What’s The Catch?
Aside from every team in the country wanting him, The Athletic’s Will Sammon (Subscription Required) suggests that, regardless of the offer, he may want something only a few teams offer.
If, like Senga felt last offseason, Yamamoto covets the opportunity to play in a large market, the Braves can only suggest to Yamamoto that a team that's won every year for six years and is young enough to continue winning for years to come is a better option than one that hasn’t consistently won.
With Charlie Morton's future with Atlanta in doubt and the potential loss of Fried after 2024,
acquiring Yamamoto solves rotation issues for the Atlanta Braves now and in the future. He’s a free agent, so there’s no need to move prospects to sign him, and he doesn’t have a qualifying offer attached, so no draft picks are lost.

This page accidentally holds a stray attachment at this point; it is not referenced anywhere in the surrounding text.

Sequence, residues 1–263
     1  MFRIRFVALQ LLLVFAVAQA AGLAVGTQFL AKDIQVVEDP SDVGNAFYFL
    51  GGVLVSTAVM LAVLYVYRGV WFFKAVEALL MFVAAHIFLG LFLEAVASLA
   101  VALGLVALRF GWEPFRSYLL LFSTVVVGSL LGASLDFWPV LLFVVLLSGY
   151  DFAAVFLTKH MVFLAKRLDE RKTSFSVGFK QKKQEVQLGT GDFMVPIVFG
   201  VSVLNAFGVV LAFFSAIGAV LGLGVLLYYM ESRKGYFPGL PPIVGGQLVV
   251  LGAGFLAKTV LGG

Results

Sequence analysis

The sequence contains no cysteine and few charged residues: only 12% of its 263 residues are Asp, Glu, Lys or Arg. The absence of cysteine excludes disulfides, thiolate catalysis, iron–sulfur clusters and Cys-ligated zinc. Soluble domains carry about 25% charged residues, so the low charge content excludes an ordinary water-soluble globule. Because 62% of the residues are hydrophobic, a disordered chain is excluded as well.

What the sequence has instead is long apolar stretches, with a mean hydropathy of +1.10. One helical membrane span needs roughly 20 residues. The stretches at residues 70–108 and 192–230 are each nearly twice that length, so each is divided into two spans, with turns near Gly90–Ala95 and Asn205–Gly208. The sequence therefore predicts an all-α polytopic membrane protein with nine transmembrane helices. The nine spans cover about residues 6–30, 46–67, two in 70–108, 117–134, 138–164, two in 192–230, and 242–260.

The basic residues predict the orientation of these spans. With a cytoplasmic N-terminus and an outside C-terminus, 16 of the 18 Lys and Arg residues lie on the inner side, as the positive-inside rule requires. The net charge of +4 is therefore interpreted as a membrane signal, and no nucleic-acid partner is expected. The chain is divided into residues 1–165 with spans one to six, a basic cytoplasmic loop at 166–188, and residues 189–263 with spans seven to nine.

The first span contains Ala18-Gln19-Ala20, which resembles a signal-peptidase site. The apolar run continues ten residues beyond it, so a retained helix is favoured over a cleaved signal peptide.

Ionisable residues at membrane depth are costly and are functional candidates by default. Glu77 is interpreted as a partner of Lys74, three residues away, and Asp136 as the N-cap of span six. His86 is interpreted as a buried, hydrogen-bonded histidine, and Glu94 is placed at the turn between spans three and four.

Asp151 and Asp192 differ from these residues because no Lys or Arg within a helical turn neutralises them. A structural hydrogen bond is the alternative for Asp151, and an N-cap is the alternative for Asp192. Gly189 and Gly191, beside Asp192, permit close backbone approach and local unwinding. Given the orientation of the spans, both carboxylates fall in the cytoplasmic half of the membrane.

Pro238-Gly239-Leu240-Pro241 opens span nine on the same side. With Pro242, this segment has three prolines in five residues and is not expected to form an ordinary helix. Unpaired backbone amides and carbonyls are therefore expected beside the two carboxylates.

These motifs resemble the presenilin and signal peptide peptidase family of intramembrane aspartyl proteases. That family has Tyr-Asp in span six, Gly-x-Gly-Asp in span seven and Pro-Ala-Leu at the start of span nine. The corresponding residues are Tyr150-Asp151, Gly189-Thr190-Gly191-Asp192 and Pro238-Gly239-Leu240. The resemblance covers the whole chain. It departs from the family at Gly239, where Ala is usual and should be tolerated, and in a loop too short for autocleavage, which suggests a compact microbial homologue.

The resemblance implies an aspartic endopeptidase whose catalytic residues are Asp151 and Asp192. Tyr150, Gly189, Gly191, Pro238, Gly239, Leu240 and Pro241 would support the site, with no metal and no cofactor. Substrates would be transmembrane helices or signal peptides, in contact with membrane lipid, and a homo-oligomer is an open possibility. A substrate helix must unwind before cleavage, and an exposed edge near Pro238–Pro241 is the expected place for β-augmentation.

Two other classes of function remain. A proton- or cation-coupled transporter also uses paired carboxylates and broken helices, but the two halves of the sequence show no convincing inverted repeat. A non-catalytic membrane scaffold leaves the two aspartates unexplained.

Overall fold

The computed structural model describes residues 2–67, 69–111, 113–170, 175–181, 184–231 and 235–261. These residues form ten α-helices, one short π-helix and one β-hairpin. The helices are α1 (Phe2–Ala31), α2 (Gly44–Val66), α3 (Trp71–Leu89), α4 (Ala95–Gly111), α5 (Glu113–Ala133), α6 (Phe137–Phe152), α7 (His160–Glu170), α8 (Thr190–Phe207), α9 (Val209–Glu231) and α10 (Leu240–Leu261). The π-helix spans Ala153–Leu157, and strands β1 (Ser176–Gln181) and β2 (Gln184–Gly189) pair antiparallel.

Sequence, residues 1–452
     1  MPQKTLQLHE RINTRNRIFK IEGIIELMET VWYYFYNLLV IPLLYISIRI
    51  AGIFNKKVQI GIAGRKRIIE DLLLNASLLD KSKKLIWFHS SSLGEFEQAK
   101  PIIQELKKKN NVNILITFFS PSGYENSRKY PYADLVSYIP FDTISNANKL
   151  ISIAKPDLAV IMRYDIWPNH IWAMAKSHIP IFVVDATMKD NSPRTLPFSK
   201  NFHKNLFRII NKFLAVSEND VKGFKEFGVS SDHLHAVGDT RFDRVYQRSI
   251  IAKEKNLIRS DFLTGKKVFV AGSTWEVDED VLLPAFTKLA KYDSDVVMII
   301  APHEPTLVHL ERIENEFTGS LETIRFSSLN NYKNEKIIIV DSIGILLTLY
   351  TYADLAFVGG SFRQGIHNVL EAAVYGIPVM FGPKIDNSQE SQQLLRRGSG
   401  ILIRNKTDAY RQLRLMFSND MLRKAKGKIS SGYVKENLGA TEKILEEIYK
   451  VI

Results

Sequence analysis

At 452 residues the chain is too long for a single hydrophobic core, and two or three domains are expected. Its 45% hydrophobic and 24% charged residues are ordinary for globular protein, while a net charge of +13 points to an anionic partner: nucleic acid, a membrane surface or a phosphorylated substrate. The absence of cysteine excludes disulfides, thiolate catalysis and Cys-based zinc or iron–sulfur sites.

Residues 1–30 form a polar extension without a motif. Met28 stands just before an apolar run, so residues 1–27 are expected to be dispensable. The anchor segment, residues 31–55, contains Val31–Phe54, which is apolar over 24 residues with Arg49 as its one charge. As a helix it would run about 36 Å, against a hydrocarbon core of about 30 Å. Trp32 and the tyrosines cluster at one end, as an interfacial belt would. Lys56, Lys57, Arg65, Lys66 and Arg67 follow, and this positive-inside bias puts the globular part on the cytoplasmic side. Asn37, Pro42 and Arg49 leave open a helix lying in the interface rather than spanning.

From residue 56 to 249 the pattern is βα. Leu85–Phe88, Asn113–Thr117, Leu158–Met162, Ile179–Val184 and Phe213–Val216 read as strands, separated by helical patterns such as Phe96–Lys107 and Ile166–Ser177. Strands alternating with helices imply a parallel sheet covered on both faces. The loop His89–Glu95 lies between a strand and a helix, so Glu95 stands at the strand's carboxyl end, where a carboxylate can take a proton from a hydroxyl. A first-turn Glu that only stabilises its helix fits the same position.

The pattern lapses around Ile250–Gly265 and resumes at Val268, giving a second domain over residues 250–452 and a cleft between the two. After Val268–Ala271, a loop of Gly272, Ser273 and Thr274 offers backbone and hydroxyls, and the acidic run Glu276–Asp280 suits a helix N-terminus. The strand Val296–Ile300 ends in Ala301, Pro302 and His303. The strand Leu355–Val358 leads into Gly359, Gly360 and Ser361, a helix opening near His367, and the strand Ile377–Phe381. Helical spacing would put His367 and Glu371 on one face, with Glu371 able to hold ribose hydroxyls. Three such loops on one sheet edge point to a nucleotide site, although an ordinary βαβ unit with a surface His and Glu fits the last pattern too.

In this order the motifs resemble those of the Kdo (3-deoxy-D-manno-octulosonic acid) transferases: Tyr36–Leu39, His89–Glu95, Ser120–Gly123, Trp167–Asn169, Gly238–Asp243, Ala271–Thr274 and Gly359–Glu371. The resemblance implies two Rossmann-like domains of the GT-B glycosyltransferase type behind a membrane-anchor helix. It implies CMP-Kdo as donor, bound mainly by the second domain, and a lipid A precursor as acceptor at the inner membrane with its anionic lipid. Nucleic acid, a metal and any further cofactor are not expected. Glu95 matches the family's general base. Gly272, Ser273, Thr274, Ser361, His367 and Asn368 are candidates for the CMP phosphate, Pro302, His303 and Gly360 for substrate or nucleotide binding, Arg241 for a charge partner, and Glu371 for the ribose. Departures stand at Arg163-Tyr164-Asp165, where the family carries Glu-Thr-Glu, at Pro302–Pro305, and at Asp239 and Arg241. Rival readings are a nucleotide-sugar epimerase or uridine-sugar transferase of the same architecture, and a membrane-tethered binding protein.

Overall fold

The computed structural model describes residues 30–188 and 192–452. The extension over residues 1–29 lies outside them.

Make no mistake, all the usual suspects are in on Yamamoto. Brian Cashman flew to Japan to watch him pitch, as did Farhan Zaidi, and Andrew Friedman is undoubtedly considering him as well.
If he has his heart set on playing in a particular city and doesn’t mind waiting two or three years for that team to rebuild, no amount of money will change his mind. It won’t be an easy acquisition but he solves so many issues that it’s worth the Braves' time to roll up their sleeves and make a deal.